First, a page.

2015 | 15 | 145-159
Article title

Not only Painting: The Contemporisation in Early Modern Religious Culture. Selected Questions and Research Problems

Title variants
Nie tylko malarstwo - aktualizacja w nowożytnej kulturze religijnej. Wybrane zagadnienia i problematyka badawcza
Languages of publication
Polish seventeenth-century sacred painting has for a long time been outside the main scope of the research interests of historians of early modern art. The findings of respected scholars from half a century ago have nowadays been mechanically repeated, both in specialist and popular publications, in spite of the fact that the same scholars, at the end of their careers, had postulated a revision of the results of their earlier research. Contemporisation as a tendency in Polish early modern painting was described for the first time by Władysław Tomkiewicz in his classic study published in 1951. Yet the political situation and ideological constraints of the period had influenced the methodology employed by the scholar, and many of his findings and observations included in this work did not stand the test of time. The phenomenon of contemporisation, understood as a conscious and deliberate depiction in a religious painting of references to the present, consisting, for example, of portraits in assfsfenza and crypto-portraits, contemporary costume, allusions to local staffage and employing elements of local architecture and landscape as well as - more or less explicit - references to the current political, religious and social situation, is not a typically Polish tendency. What is more, it is neither immediately related to the post- Tridentine era, nor is it restricted exclusively to fine arts. Similar iconographic solutions appear almost all over Europe. Their beginnings reach back to the Middle Ages and various contemporisation devices can be found in nearly all aspects of religious culture, starting from literature and homiletics, through theatre and mystery plays, to music. A researcher who undertakes an attempt at analysing and interpreting contemporised works of sacred art is faced with a number of methodological problems resulting, above all, from the scarcity of written documentary sources and the usually mediocre artistic quality of the analysed works. In order not to yield to the temptation of constructing cascading hypotheses based on meagre premises, it is necessary to exercise a scholarly restraint and to get the possibly deepest insight into the context in which a given painting arose and the purpose for which it was made, and then to inscribe the work in the general cultural tendencies of the epoch. The context can be built by conscious and critical use of the results of other disciplines dealing with the study of cultural history. It is only through juxtaposing a work of art with literature, ritual and custom that one can arrive at its possibly full objective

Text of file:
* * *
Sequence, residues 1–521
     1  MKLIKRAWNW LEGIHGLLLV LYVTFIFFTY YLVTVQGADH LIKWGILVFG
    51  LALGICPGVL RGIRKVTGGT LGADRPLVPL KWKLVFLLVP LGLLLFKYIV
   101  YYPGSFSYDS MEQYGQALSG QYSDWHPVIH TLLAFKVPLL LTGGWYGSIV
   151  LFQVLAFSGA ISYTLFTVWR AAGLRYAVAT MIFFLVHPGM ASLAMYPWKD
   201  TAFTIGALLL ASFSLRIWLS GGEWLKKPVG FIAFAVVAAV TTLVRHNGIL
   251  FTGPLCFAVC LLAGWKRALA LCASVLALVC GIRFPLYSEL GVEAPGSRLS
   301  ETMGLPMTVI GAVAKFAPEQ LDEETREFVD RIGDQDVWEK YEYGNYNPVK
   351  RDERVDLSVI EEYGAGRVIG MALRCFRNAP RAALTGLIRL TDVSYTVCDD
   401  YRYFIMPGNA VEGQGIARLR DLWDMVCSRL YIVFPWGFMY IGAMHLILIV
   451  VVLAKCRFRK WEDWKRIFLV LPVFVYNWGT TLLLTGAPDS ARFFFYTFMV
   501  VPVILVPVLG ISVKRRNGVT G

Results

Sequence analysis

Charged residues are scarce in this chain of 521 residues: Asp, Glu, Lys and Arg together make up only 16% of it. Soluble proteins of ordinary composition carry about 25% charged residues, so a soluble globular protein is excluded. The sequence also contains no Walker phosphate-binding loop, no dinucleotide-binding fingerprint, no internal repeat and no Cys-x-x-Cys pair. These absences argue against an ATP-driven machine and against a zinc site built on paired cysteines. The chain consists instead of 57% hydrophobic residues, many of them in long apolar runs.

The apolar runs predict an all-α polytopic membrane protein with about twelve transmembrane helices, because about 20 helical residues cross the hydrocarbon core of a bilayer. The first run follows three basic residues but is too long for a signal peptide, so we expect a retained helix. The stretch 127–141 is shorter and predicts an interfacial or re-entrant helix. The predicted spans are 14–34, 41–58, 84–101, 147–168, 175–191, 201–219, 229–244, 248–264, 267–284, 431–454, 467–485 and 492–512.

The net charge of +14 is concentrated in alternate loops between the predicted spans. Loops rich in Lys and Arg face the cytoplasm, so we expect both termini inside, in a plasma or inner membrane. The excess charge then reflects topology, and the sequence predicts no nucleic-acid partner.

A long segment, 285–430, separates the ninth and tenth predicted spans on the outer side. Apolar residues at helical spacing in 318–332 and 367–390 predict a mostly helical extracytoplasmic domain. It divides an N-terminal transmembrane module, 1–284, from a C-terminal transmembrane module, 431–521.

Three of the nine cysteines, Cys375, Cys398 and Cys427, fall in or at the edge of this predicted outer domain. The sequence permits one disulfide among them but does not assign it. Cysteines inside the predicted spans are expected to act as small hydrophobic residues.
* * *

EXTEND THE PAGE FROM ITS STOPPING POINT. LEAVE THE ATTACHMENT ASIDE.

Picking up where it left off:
Physical description
  • Instytut Historii Sztuki UJ
Document Type
Publication order reference
YADDA identifier
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